Predictive software can identify risk of dangerous diseases
By Maggie Van Dyke
If an infectious disease outbreak or an attack using an agent such as anthrax were to occur in Chicago, it most likely first will be noticed in emergency rooms throughout the city. Swift identification of the cause of an incoming patients’ illness could be crucial to public health and safety personnel being able to intervene in time to save lives.
The emergency department at Rush University Medical Center has developed and implemented state-of-the-art technology to help protect the public during a health crisis: a suite of software tools called Guardian. Developed by Rush emergency physicians and researchers, Guardian can predict the presence of a variety of illnesses in patients arriving at the emergency department, whether they’re ordinary flu-like illnesses, emerging tropical diseases such as Zika or Ebola virus, or the effects of biological or chemical agents such as anthrax or sarin.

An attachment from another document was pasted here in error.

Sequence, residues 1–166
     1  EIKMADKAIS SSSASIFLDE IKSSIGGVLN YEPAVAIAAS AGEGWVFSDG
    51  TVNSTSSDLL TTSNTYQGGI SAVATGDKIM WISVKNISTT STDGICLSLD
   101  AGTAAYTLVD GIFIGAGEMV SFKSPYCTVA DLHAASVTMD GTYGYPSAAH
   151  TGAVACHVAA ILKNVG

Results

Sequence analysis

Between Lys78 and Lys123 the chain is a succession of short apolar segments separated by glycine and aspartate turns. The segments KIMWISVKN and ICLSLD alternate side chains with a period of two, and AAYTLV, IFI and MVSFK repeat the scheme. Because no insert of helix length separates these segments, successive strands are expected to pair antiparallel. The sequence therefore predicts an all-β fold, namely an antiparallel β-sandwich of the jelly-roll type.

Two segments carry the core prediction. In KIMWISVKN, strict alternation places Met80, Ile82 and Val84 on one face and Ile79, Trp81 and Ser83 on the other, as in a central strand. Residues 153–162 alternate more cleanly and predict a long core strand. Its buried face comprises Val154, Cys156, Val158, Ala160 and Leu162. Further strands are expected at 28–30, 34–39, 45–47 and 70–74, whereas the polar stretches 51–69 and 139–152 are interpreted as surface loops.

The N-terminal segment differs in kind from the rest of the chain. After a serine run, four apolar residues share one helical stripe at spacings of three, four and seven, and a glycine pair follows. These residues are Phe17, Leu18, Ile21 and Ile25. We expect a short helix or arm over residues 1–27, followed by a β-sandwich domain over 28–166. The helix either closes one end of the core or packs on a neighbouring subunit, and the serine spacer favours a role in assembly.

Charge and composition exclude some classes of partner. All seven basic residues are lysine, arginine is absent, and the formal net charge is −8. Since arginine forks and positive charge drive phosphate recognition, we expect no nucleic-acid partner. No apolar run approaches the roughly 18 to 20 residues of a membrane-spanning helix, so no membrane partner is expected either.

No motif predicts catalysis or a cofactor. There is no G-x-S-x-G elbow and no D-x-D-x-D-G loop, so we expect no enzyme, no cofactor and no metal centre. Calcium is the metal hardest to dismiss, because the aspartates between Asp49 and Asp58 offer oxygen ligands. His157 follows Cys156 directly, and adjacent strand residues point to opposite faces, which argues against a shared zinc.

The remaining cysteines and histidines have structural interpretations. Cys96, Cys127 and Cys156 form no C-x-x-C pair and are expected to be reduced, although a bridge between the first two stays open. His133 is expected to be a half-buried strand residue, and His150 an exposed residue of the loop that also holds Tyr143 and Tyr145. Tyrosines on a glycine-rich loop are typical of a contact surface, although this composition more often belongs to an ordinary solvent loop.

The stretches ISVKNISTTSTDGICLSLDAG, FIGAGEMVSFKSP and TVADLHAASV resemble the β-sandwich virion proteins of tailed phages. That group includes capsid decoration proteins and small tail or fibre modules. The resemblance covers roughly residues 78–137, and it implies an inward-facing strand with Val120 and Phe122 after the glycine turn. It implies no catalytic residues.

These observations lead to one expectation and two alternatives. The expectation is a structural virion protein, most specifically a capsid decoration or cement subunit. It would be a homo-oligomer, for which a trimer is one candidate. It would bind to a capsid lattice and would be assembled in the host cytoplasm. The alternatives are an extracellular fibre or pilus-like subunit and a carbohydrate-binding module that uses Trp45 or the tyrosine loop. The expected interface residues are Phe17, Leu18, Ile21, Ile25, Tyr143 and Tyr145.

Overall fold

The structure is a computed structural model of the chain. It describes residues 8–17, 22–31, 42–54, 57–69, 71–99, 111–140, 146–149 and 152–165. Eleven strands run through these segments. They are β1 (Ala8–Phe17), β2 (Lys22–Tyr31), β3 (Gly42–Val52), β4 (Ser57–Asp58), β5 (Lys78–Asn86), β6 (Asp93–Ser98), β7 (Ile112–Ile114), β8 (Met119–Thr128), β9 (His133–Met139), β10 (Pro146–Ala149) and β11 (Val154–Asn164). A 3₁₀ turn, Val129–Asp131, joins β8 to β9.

Reflecting its full name — Geographic Utilization of Artificial Intelligence in Real-Time for Disease Identification and Alert Notification — Guardian can make this assessment up to hours before physicians complete a final diagnosis for the patients.
“The Guardian system provides a feedback loop to clinicians,” says Dino P. Rumoro, DO, MPH, chairperson of Rush’s Department of Emergency Medicine. “If Guardian thinks that a patient whom I think has pneumonia might have anthrax, it could page me and say, ‘Have you considered a chest CT scan to look for evidence of anthrax?’ That page might be all I need to say, ‘You know, that’s not a bad idea.’”